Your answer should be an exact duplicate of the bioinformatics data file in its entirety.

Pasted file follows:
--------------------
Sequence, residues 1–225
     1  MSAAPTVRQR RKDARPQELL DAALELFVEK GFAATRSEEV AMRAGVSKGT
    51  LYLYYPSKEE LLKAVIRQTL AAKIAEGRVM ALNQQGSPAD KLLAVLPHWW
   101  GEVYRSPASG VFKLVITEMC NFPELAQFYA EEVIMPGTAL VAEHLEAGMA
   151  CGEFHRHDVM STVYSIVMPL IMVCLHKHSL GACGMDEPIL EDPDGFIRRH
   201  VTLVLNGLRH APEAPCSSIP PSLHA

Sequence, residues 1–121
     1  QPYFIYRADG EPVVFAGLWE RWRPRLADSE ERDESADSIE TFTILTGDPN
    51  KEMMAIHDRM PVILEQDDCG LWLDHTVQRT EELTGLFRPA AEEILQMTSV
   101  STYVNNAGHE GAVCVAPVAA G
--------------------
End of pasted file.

Sequence, residues 1–225
     1  MSAAPTVRQR RKDARPQELL DAALELFVEK GFAATRSEEV AMRAGVSKGT
    51  LYLYYPSKEE LLKAVIRQTL AAKIAEGRVM ALNQQGSPAD KLLAVLPHWW
   101  GEVYRSPASG VFKLVITEMC NFPELAQFYA EEVIMPGTAL VAEHLEAGMA
   151  CGEFHRHDVM STVYSIVMPL IMVCLHKHSL GACGMDEPIL EDPDGFIRRH
   201  VTLVLNGLRH APEAPCSSIP PSLHA

Sequence, residues 1–121
     1  QPYFIYRADG EPVVFAGLWE RWRPRLADSE ERDESADSIE TFTILTGDPN
    51  KEMMAIHDRM PVILEQDDCG LWLDHTVQRT EELTGLFRPA AEEILQMTSV
   101  STYVNNAGHE GAVCVAPVAA G